Fractured Families, Lack of Education Set Up Aboriginal Kids for Suicide
Family alcoholism, emotional vulnerability, and the lack of community and education put aboriginal youth on a path to solvent abuse, violence and, all too often, suicide. These are the findings of The Office of the Chief Coroner’s Death Review of the Youth Suicides at the Pikangikum First Nation 2006–2008.
Released in September, the report examines 16 victims, ages 10 to 19, who hung themselves from 2006 to 2008 in the remote northwestern Ontario community of Pikangikum First Nation. In its 215 pages, a picture clearly emerges of children who see a glittering contemporary life on television while living amid unremitting poverty and little economic opportunity at home. Subjected to parental alcohol abuse and familial neglect, they are driven to relieve their misery by sniffing gasoline, glue and other toxic substances, falling into a subculture that constitutes their only sense of community.
“A lack of an integrated health-care system, poor education by provincial standards and a largely absent community infrastructure are uniquely positioned against the backdrop of colonialism, racism and social exclusion arising from the historical plight of First Nations people, including the effect of residential schools,” the report states. “These all contribute to the troubled youth, who appear to exist in a dysphoric state, caught between the First Nations traditions and cultures of their forefathers, and contemporary society which they are poorly equipped to navigate and engage.”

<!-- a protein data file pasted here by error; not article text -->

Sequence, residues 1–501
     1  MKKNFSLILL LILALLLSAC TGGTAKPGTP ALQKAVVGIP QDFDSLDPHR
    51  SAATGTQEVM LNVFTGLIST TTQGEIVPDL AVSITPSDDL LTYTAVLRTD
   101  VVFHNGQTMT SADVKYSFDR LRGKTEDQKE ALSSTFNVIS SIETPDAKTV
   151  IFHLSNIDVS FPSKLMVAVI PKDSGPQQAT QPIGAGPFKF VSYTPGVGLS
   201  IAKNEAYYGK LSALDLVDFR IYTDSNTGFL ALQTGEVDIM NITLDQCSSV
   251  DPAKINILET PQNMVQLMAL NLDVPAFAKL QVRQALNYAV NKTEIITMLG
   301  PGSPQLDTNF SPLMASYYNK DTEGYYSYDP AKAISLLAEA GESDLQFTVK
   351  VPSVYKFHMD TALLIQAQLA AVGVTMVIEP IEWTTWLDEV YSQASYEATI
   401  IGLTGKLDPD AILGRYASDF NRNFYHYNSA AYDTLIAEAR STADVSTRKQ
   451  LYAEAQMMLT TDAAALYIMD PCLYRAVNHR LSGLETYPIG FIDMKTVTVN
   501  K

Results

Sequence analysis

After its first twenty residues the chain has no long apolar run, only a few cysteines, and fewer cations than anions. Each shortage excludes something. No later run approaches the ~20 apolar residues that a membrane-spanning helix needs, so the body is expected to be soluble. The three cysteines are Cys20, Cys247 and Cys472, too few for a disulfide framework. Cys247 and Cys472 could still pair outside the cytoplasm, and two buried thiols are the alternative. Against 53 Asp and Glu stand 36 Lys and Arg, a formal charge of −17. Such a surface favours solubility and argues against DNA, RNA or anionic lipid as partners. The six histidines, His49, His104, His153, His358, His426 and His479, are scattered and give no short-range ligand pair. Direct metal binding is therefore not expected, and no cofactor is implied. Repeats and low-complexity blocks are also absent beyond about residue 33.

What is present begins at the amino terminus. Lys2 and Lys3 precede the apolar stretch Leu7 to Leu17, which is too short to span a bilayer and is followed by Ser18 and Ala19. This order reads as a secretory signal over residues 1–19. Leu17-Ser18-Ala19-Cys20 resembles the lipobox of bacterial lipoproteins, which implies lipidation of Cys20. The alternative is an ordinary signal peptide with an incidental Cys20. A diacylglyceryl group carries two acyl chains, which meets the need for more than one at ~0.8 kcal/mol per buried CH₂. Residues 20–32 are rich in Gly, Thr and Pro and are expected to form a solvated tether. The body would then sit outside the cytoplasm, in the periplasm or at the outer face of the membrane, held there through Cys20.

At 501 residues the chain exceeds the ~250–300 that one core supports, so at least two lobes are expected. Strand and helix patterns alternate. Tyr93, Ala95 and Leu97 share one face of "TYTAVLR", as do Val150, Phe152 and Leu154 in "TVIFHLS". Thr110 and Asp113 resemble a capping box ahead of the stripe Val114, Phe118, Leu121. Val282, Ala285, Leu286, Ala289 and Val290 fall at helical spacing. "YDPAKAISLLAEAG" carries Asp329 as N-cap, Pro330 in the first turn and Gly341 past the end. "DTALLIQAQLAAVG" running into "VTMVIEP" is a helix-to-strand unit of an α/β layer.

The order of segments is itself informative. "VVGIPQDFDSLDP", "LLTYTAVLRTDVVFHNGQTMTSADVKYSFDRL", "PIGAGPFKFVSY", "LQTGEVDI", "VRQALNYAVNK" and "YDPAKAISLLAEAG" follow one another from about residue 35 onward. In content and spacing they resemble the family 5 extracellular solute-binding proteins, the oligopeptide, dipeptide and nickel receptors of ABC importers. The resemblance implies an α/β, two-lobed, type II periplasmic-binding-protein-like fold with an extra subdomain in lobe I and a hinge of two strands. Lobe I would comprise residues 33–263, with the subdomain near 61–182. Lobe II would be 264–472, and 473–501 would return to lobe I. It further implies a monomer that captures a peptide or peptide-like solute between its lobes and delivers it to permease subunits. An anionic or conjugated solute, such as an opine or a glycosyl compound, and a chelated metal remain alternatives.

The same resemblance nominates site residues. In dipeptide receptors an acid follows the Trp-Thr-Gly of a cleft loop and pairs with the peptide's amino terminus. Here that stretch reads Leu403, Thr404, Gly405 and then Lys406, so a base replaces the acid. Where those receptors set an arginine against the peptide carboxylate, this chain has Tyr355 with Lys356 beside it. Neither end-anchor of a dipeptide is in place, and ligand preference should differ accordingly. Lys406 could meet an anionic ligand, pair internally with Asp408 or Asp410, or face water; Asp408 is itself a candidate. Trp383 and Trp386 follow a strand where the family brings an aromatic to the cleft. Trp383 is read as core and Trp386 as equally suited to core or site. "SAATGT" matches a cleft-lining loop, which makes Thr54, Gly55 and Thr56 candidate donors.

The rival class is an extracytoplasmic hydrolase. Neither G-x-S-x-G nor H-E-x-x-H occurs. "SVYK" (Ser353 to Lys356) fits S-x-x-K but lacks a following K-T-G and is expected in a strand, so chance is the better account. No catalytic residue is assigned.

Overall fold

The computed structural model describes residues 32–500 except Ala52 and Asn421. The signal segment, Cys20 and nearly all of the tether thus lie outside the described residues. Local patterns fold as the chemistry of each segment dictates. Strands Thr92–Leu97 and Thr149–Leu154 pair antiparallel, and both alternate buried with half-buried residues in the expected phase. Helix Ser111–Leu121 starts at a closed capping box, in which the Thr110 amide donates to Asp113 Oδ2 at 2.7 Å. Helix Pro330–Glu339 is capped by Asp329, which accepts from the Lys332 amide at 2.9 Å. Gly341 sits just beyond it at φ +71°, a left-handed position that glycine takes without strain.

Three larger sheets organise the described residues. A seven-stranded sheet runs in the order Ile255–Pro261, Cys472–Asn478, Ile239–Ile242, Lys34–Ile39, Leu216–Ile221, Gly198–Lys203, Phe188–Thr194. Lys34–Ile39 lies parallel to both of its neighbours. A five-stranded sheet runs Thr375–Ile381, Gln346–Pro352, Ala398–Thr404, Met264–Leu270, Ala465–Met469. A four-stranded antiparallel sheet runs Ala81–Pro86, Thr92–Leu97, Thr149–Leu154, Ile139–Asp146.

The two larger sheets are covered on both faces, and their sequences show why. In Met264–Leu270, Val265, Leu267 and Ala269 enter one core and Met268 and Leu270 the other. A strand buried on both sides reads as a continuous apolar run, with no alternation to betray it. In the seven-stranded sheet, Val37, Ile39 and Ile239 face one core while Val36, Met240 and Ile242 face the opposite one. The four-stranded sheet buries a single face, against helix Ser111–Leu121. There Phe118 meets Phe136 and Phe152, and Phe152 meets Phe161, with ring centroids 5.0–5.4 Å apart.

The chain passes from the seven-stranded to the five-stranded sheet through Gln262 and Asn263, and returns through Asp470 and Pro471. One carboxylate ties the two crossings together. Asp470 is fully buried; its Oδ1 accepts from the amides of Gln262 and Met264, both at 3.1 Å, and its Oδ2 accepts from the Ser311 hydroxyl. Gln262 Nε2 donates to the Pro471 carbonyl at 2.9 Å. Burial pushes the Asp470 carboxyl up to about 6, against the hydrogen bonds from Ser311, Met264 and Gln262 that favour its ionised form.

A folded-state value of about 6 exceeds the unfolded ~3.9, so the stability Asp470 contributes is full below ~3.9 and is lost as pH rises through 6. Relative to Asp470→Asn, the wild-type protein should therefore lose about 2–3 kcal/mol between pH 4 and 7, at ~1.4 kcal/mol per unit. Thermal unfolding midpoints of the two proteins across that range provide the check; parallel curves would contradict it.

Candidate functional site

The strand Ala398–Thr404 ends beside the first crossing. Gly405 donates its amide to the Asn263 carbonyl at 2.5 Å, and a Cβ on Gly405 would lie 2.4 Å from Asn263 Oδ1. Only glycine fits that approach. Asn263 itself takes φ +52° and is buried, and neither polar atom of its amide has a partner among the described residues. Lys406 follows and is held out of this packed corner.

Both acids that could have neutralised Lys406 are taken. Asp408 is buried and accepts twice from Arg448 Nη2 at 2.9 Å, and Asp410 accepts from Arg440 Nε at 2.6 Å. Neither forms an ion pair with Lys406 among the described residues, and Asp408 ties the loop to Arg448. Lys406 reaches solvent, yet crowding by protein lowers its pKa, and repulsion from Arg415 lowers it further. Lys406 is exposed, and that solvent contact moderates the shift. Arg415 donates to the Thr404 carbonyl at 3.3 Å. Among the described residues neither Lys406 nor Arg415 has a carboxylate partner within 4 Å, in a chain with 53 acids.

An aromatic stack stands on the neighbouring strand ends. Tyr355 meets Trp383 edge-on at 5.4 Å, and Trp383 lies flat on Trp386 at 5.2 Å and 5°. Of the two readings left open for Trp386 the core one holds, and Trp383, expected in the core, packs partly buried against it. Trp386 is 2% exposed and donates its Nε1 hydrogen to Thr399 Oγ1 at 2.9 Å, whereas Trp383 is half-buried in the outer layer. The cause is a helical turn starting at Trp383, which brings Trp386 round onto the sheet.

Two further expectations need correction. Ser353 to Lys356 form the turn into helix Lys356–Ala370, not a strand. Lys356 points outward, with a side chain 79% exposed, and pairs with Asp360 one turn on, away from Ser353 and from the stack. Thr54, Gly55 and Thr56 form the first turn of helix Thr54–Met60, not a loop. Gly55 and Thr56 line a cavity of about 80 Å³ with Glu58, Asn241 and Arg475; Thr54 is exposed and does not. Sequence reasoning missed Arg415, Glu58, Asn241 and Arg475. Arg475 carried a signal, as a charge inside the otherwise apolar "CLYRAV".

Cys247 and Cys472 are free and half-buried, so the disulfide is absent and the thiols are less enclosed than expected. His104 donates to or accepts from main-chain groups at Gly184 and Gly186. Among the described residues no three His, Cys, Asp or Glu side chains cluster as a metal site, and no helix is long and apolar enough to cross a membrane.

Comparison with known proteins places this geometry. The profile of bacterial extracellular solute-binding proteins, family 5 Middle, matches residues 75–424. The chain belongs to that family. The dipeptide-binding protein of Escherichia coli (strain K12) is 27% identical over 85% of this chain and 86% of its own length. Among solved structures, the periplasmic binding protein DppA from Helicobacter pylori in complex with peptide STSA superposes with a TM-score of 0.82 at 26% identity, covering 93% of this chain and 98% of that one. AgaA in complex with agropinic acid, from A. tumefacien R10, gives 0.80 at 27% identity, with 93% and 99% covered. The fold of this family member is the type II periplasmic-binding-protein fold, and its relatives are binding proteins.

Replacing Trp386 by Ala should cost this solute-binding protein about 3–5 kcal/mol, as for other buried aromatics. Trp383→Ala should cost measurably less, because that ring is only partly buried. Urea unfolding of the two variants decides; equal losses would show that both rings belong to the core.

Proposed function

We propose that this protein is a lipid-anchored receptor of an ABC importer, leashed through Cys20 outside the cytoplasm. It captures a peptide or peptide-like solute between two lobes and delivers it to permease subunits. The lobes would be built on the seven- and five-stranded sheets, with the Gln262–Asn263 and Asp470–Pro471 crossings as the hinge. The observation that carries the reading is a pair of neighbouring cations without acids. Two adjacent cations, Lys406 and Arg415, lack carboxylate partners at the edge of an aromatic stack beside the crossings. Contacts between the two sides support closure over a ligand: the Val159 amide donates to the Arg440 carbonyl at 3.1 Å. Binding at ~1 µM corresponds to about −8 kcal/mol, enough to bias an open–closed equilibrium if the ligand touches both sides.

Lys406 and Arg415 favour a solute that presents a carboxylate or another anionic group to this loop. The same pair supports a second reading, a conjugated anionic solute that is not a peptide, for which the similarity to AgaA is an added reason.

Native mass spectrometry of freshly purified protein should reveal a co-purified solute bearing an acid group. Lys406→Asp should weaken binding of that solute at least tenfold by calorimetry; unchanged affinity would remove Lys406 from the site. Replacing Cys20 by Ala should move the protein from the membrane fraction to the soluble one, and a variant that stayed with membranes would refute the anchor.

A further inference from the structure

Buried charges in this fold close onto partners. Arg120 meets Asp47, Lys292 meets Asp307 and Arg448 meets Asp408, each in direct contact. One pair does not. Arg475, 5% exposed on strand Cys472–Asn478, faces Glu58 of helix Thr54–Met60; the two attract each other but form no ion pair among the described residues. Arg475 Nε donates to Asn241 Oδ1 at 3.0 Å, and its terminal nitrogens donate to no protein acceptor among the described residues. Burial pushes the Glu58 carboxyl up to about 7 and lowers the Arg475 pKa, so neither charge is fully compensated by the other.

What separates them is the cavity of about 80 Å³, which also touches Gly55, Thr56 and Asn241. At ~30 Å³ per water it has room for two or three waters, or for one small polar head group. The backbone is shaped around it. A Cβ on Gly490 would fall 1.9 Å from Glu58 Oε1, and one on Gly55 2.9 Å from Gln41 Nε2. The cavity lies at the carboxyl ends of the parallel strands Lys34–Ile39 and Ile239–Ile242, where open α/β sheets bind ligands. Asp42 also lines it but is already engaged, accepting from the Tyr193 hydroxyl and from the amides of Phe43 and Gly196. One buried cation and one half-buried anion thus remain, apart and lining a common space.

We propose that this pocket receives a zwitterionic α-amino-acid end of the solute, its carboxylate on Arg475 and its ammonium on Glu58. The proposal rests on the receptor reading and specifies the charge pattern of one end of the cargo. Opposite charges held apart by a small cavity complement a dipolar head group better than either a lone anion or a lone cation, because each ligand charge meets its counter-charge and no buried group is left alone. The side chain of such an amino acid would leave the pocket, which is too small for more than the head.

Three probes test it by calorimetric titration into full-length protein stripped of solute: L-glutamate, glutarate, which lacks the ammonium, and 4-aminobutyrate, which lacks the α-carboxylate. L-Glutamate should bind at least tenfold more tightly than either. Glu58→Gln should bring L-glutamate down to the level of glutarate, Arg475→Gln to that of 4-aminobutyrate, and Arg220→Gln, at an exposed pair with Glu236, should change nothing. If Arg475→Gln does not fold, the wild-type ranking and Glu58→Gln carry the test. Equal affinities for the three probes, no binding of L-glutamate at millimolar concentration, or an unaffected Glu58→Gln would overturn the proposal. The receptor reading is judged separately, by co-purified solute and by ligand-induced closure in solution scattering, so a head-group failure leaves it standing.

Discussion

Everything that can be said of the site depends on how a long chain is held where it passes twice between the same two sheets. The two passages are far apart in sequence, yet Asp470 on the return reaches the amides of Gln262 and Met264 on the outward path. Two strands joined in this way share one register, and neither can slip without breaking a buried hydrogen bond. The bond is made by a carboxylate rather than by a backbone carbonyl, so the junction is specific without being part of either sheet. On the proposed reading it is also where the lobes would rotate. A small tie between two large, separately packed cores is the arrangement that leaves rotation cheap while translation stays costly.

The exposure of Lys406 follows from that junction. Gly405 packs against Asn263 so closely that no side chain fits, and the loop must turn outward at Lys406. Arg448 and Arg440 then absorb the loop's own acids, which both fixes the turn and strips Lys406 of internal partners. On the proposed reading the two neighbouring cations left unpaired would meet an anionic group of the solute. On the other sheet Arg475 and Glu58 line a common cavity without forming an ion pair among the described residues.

The study was conducted by Ontario Chief Coroner Andrew McCallum and his team after the Nishnawbe Aski Nation and the province called for an investigation of the phenomenon. It offers 100 recommendations for improving the lot of aboriginals and, by extension, Canada, in education, policing, child welfare and health care, among other areas.
Three days before the McCallum report came out, former Pikangikum Chief Gordon Peters wrote a letter to Canadians decrying the suicides of five people ages 16 to 26 in just 44 days over the summer.
“As a member of the First Nation, I feel obligated to let Canada and the international community know about these tragedies,” he wrote, The Chronicle-Journal reported. “We cannot live alone within the boundaries of our reservation and think that this is the way life is.”
Sadly, First Nations are not alone in their predicament. The Inuit also suffer disproportionately from suicide and the factors that contribute to it; their suicide rate is 11 times higher than in the rest of the country, a sad statistic that was marked on Parliament Hill by Mary Simon, president of Inuit Tapiriit Kanatami, among others. The Arctic’s 53 communities need mental health and support services, she said, according to Rabble.ca. With 135 suicides per 100,000 people, a majority of them young men, the rate is double the overall aboriginal suicide rate, Simon said. She contrasted those figures with Canada’s suicide rate of 12 per 100,000.
Simon knows whereof she speaks; her niece committed suicide in March.
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